Binay open to lifting term limits for president, vice president
Vice President Jejomar Binay on Wednesday said he was open to Charter change (Cha-cha) to remove term limits for the president and vice president and to modify economic provisions in the nation’s basic law.
Binay said that instead of the current six-year limit with no reelection, the president and vice president should be given four-year terms with reelection.
“Sa simula’t simula pa lang, hindi na ako payag sa pag-limit ng term. Hangga’t gusto ng taumbayan, eh di manilbihan (From the start, I have been against term limits. As long as the people want them, let them serve),” Binay said.
“Six years is too long for a bad president, too short for a good one. Ibalik na lang yung four years with reelection,” (Bring back the four years with reelection) he added.
In his state visit to Japan, Aquino dismissed the prospect of amending the Constitution to extend his term, saying that it could pave the way for another dictator leading the country.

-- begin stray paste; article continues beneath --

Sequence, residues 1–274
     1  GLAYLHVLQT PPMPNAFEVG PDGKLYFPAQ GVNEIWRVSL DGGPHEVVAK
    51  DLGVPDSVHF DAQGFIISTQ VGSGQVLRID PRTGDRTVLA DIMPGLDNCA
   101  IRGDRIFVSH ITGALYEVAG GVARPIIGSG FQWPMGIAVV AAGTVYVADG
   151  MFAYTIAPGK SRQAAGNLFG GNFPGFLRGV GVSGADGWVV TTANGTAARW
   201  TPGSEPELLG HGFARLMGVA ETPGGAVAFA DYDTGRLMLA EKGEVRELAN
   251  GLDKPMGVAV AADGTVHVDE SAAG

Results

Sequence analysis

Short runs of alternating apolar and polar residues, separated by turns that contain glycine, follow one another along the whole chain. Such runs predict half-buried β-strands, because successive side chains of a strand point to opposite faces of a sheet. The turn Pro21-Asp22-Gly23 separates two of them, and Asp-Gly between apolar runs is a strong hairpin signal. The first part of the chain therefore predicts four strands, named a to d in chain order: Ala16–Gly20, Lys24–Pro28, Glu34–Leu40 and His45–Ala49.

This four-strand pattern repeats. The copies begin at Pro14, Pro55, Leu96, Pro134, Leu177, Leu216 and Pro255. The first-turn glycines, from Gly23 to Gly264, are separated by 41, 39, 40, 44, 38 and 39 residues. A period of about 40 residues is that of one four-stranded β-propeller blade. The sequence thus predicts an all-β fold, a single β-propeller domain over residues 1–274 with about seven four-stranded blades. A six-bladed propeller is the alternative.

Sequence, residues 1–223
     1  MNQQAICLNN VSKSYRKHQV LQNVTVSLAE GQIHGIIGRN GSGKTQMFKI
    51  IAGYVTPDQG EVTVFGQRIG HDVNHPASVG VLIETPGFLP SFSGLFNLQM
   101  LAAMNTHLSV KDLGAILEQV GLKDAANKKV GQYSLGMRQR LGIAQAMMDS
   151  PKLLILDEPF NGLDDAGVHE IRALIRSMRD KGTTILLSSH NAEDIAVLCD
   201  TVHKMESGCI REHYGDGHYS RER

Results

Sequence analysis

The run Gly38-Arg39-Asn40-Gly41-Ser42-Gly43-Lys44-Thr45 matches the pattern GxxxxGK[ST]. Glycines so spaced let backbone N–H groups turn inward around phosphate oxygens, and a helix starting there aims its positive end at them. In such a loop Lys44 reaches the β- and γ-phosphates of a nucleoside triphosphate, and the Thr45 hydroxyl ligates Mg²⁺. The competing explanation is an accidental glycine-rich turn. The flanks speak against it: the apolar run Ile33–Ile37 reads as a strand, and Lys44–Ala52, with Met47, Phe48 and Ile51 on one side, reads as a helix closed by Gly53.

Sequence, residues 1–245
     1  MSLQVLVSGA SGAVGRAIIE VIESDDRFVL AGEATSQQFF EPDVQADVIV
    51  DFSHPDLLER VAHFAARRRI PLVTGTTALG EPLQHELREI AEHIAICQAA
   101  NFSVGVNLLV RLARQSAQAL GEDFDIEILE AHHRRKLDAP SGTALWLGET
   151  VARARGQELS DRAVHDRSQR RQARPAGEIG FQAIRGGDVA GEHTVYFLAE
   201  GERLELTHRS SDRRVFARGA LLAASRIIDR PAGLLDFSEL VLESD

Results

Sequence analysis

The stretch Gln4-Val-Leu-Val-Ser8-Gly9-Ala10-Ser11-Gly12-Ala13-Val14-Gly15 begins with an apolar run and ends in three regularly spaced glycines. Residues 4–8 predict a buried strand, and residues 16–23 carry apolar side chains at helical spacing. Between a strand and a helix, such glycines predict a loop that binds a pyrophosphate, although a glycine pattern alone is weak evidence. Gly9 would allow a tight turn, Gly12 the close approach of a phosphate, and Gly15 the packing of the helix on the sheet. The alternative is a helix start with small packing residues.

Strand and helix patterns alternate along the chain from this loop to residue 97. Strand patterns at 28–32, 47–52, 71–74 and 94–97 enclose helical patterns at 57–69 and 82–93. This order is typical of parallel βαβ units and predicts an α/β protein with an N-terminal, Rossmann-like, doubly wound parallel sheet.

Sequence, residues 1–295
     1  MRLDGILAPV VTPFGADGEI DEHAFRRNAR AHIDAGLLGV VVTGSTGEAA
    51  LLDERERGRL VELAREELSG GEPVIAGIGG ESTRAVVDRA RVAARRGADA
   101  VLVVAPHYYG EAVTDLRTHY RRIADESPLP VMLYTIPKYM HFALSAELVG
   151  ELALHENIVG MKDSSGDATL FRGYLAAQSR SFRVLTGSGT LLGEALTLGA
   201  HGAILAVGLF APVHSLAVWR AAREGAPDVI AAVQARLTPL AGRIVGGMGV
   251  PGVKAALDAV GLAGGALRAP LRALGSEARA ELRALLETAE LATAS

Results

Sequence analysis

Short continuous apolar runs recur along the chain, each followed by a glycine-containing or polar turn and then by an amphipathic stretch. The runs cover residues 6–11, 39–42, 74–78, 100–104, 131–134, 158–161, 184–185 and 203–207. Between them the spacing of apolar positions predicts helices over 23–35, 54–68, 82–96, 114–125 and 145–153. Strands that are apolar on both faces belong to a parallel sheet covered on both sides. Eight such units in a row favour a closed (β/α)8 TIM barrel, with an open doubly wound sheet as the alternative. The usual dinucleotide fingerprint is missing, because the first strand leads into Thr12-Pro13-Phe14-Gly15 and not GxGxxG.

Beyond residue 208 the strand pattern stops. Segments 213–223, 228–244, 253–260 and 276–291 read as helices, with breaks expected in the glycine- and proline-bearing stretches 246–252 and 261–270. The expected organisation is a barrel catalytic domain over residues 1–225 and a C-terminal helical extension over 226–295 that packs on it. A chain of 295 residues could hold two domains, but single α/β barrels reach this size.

“We will undoubtedly have benefits for having a government that will not have to relearn how to govern but we open doors to somebody who might emulate Mr. (Ferdinand) Marcos and not leave the office forever,” Aquino said.
Marcos ruled the country from 1965 up to 1986 when he was ousted through the first “People Power” revolution.
Meanwhile, Binay expressed support to amend the Constitution’s economic provisions to ease foreign ownership restrictions.
“Ako ay sang-ayon sa pag-aalis ng 60 (percent ownership to Filipinos)-40 (percent on foreign investments)…para dumami ang investors,” he said.
An economic Cha-cha bill pending in Congress is expected to soon pass third and final reading in the House of Representatives.
Under a resolution of both houses, the phrase “unless otherwise provided for by law” will be inserted to the provision granting 60-percent ownership to Filipinos and 40-percent on foreign investments.
If passed, the resolution would allow the amending of the Constitution through mere legislation by both chambers of Congress, subject to a plebiscite.